IR theory’s attempts to be positivistic and scientific might be tolerable if these same scholars did not engage in the same activities they ridiculed about the utopians. Carr was deemed the “Red professor,” by a columnist at the London Times for proposing an alliance between
Movements like postmodernism, historical sociology and social constructivism have fought somewhat to break away from the dominance of the positivists. Poststructuralists like Richard Ashley questioned the preeminence of the state in international relations and tried to show the problematic nature of issues like sovereignty within the modernist framework (Ashley 1986: 269). Historical institutionalists like Anthony Giddens beg IR theorists to understand the origins (or history) of the nation-state with respect to capitalism and industrialism and its connection to the West (Giddens 1987: 34). Lastly, the social constructivist movement identified most prominently with Alexander Wendt questioned the causation and materialism and asserted what he called the “constitutive relationships” in international politics (Wendt 2003: 25). While these movements have been good at questioning the assumptions of the dominant schools of thought, in many ways they have done little in replacing these theories with normative ones. As Wendt said about Social Theory of International Politics: “It is not a normative view of how the world ought to be, but a scientific view of how the world is” (Wendt 2003: 24).
Reason For Hope?
There might be some reason for hope that normative IR theory is making perhaps a comeback, albeit in a very different way than before. Those known as critical constructivists have suggested that scholarly work always has normative implications. Any good scholar that knows the intricacies of international politics, so argue critical constructivists, also have the knowledge to change or alter the system for the better (Katzenstein, Keohane and Krasner 1998: 677). Margaret Keck and Kathryn Sikkink have paid particular attention to transnational advocacy networks and how they affect international politics in terms of human rights, civil society and environmental issues. They admit that scholarship on such topics as human rights has been under-theorized and rarely discussed because IR has ignored issues of normative importance (Keck and Sikkink 1998: 5). Harkening back to Stanley Hoffman’s concerns about what “we should we know” rather than what are “we to do,” Keck and Sikking stress the importance of understanding the international community and the norms that govern it. By doing so, one can more easily accomplish whatever goals an advocacy network chooses to adopt.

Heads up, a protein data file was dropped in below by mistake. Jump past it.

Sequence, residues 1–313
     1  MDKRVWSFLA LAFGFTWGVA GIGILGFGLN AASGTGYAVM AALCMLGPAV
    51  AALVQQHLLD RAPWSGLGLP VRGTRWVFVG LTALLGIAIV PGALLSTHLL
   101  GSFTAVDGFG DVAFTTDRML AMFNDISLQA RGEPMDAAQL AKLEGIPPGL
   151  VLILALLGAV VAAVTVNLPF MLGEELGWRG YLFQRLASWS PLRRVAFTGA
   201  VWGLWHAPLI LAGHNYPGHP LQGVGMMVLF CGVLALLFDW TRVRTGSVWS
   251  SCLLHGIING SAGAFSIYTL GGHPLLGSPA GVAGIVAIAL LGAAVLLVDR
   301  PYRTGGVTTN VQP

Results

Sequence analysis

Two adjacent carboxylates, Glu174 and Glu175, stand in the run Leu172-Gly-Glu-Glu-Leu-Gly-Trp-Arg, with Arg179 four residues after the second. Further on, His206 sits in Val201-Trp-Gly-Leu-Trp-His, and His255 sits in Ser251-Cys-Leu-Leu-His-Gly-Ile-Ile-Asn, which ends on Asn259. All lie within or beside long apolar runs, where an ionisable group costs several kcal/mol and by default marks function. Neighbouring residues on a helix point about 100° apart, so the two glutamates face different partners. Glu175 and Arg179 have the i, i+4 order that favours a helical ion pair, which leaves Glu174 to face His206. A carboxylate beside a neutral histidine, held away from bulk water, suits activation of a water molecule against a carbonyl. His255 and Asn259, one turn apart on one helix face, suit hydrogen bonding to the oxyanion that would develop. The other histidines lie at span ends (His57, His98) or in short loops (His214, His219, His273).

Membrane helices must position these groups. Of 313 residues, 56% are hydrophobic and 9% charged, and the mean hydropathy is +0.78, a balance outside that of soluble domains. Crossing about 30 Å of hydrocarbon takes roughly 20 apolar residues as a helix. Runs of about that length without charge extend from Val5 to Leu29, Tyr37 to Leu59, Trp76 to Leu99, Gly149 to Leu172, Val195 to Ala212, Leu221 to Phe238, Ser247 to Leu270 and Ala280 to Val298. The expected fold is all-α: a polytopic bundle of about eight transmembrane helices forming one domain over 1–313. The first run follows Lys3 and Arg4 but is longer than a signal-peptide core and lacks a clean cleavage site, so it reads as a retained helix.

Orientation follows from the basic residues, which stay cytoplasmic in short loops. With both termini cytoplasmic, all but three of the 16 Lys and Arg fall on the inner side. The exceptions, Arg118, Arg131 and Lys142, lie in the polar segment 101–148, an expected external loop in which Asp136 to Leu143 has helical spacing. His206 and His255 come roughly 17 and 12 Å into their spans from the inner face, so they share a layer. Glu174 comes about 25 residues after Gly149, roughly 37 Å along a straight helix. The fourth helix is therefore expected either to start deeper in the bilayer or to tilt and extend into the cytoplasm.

Despite the influence of the critical constructivists and scholars like Keck and Sikking, IR theory still woefully lacks a grand normative theory. This is particularly troubling to students and practitioners who might look to the academy for a fresh perspective on politics. And citizens, who generally orient their lives around a number of normative issues, could be helped greatly by theories with normative content. Instead, what they get is a description of what states do and why states will always do this. As I have demonstrated, it is not that IR lacks scholars with a normative backbone. It is quite the contrary. On the other hand, very few scholarly works deal explicitly with ought questions, which I maintain are the most important to know about. While realism, neorealism, and neoliberalism all have their place in IR there is no reason to exclude debate among the disparaged “idealists,” “moralists,” or “utopians”. Scholars must take seriously these claims and not discount them as “political window dressing” that deserves no place in IR theory. That is what IR theory should do for us.
 You can find this group at www.sensibleforeignpolicy.net